Voices of gratitude on Thanksgiving Day amid the ongoing pandemic

Unlike last Thanksgiving, which fell in the depths of the pandemic, the creation of vaccines means many of us can gather more safely with our loved ones this holiday. We heard from people across the country about the ways they're celebrating this year and what they're most grateful for.

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  • William Brangham:

    Unlike last Thanksgiving, which came in the depths of the pandemic, the creation of vaccines means many of us can now gather safely with our loved ones this holiday.

    We heard from people across the country about the ways they're celebrating this year and what they're most grateful for.

  • Greg Tenor, Maryland:

    Hi, my name is Greg Tenor, and I live in Rockville, Maryland.

    I think, this year, given everything that's happened during the pandemic, we want to take even the smallest things that give us joy and really realize how important they are to us.

  • Michelle Delgado, Colorado:

    I'm Michelle Delgado. I'm from Aurora, Colorado.

    I'm grateful for the response from my family, how we have reached out to each other.

  • Jean Darnell, Texas:

    My name is Jean Darnell, and I'm a middle school librarian in Pflugerville, Texas.

    I'm thankful to have a job. Last Thanksgiving, I didn't. I was out with current COVID, quarantine and whatnot, and so I am eternally grateful to be here in a library again inspiring kids.

  • Kevin Reed, Washington:

    I'm Kevin Reed from Seattle, Washington.

    And I'm thankful for shelter, food. I live in Seattle, so we have a lot of homeless around, and you're reminded constantly how fortunate you are just to have a home and food.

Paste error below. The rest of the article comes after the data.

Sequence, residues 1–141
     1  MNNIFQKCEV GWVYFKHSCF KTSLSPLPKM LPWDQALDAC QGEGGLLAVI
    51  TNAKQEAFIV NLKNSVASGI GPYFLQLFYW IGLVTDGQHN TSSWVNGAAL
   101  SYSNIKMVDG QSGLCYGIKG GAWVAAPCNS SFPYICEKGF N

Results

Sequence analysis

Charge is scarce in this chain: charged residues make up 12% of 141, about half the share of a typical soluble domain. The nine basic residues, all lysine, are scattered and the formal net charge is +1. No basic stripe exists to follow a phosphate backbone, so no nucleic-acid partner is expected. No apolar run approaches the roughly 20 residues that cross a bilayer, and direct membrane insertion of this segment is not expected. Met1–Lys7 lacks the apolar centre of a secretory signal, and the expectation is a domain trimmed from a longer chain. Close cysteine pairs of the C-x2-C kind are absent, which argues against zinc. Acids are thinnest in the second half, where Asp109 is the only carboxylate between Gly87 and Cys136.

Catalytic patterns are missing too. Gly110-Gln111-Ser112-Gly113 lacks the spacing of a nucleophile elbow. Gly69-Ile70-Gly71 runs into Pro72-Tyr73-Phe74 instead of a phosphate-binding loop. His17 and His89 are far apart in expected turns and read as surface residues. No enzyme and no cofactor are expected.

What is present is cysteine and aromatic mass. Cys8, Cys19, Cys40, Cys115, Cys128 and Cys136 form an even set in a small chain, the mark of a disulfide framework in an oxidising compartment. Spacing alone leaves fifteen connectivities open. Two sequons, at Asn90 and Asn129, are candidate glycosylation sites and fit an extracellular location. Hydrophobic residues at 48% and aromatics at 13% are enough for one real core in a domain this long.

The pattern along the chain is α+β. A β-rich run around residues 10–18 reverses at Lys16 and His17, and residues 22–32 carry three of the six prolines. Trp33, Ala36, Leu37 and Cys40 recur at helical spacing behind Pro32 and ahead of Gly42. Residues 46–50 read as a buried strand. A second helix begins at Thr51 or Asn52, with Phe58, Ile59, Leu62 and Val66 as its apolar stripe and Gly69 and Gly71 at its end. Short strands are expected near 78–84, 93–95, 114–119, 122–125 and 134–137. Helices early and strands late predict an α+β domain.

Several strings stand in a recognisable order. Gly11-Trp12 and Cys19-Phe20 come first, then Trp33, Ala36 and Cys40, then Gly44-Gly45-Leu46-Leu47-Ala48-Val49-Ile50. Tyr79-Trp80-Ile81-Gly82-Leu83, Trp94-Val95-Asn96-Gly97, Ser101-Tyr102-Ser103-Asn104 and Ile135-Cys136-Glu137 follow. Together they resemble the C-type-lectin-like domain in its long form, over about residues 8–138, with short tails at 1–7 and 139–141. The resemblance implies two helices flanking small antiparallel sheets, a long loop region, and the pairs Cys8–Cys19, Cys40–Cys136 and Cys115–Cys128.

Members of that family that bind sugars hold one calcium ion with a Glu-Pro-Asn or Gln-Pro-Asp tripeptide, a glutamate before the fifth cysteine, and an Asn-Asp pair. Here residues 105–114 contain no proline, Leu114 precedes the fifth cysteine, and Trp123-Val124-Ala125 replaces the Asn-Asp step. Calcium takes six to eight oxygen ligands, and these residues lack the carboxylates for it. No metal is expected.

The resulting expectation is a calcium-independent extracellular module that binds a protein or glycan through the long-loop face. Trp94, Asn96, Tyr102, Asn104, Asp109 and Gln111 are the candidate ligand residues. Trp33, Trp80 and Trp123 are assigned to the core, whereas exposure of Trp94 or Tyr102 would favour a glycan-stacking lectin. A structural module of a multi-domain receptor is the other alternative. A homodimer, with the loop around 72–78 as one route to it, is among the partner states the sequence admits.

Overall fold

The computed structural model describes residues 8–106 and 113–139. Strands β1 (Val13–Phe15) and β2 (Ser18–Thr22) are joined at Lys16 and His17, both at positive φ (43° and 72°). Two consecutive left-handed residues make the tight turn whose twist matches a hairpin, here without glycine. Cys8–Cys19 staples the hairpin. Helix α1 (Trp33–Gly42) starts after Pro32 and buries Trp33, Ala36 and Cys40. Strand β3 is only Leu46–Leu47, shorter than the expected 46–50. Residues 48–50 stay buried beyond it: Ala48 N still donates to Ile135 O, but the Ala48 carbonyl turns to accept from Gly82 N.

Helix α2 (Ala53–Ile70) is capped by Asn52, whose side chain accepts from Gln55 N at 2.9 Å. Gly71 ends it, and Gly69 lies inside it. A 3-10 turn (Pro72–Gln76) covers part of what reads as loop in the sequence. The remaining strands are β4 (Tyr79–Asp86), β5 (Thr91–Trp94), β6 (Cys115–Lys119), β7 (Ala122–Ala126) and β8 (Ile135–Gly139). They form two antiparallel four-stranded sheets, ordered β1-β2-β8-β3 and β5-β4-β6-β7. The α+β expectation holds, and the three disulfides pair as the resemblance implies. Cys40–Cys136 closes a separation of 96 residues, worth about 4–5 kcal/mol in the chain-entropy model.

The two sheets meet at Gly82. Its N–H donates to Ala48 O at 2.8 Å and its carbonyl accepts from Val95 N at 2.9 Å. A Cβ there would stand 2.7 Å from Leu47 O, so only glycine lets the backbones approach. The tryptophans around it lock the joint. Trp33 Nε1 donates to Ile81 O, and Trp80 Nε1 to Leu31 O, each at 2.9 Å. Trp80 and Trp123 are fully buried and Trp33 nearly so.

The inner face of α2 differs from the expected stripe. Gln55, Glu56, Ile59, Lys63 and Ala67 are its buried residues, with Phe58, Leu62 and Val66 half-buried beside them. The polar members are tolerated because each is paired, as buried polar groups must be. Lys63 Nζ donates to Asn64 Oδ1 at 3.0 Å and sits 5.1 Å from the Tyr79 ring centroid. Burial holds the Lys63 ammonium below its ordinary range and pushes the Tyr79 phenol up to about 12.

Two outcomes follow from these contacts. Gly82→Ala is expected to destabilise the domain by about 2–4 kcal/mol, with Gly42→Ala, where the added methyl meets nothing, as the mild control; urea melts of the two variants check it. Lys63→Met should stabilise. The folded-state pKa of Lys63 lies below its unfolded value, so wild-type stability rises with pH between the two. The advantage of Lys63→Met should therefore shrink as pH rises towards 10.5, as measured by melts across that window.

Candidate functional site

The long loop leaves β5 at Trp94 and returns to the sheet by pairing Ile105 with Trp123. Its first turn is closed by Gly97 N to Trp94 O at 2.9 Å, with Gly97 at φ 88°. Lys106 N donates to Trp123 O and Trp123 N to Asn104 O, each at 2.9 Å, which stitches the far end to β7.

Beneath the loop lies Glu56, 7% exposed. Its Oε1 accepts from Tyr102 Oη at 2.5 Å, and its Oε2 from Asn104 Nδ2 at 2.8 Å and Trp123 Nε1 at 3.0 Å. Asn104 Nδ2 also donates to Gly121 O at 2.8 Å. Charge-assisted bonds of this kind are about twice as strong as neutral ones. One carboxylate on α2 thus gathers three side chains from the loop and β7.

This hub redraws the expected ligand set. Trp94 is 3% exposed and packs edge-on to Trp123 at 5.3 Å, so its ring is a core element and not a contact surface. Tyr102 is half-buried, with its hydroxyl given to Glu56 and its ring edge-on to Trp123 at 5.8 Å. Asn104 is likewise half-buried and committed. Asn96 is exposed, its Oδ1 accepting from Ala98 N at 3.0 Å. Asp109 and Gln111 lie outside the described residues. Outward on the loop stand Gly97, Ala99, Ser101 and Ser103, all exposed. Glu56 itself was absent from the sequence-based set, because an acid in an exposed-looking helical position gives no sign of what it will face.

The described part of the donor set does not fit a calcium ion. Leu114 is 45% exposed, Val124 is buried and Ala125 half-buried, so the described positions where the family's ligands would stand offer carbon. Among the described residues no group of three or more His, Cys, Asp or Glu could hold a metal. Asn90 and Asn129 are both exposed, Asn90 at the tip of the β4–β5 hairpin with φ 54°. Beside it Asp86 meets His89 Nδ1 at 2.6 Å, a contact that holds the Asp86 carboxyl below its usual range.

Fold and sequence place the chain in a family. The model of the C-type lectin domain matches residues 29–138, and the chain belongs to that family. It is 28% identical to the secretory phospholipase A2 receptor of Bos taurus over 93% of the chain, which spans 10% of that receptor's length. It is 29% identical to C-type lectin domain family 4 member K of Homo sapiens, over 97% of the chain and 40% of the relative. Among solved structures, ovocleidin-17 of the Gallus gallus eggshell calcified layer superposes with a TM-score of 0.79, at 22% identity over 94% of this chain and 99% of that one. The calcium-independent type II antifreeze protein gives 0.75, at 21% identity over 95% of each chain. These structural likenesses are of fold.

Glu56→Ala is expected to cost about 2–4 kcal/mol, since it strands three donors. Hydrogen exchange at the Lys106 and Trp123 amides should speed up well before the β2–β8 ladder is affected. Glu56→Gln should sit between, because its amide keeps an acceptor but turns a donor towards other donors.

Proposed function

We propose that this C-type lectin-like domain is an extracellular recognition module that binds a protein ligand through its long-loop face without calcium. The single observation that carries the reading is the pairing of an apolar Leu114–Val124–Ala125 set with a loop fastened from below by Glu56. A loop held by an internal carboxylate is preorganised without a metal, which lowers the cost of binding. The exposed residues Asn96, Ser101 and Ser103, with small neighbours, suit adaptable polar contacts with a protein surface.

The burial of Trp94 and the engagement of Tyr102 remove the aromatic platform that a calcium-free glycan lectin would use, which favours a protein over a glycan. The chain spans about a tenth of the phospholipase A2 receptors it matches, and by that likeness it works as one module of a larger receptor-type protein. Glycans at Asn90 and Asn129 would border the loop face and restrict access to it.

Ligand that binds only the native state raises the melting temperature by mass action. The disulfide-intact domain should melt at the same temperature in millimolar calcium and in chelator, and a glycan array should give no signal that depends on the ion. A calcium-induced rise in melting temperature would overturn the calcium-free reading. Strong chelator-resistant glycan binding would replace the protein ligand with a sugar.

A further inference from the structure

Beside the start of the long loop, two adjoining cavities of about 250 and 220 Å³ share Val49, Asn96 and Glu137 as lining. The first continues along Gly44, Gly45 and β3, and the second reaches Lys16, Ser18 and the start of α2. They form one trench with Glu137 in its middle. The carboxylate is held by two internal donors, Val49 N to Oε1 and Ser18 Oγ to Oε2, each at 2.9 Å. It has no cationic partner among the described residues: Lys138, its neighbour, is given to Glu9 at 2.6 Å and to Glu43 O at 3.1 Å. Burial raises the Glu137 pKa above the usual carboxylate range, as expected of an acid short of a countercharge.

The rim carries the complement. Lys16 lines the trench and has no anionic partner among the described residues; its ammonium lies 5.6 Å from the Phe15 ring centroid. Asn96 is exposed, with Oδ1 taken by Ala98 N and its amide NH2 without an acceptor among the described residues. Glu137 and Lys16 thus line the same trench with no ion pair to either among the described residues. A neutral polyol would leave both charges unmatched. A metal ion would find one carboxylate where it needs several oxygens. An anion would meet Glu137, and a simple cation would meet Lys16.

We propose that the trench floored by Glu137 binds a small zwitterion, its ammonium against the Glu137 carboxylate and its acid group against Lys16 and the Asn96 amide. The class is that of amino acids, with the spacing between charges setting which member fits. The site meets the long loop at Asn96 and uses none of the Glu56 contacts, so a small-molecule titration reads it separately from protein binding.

• Jessica Shapely, Texas:

    My name is Jessie (ph) Shapely. I'm 35. I live in Houston, Texas.

    This year, we're really looking forward to being together as a family, now that my 5-year-old are vaccinated and we're all vaccinated.

  • Silvia Garcia-Livelli, Maryland:

    My name is Silvia Garcia-Livelli. I live in Bethesda, Maryland.

    I think that we all have felt the stress of knowing how fragile life is and how important it is that we are not isolated entities. We are part of a group, that shared responsibility and shared support.

  • Michelle Delgado:

    My grandchildren have sent me artwork. My grandson, he and his mom traced his arms and his body on tissue paper and sent me a hug, which I still have hanging on my wall.

  • Kevin Reed:

    When I go out in the morning and I could see the stars and the planets and the moon and everything, I'm just aware of being — that we're on this ball of rock in space.

    And I'm just thankful for the life and everything that's on there and being a part of it and being on the cutting edge of billions of years of evolution. That's always kind of exciting.

  • Jean Darnell:

    My plans this Thanksgiving is to get in the kitchen with my sons. I'm going to teach them what goes into their favorite dishes, whether it's sweet potato pie or bacon mac and cheese, those "Mama, this is so good, how did you make?" recipe.

    I'm like, you're going to make it this Thanksgiving. I'm going to sit on a stool somewhere in the kitchen and supervise, delegate.

    (LAUGHTER)

  • Greg Tenor:

    I'm an only child, so it's going to be my mom, my dad and I spending Thanksgiving just at their home.

    I love to cook. I order out a lot, but there's nothing like a home-cooked meal.

  • Silvia Garcia-Livelli:

    I am going to just breathe, be present and be happy and just enjoy the warmth of their — that comes from interaction from family and friends.

  • Jessica Shapely:

    I know my daughter is really looking forward to hugging my mom. They haven't seen each other in person for a little over a year. And I know we're all really excited for that, just hugs, lots and lots of hugs again.

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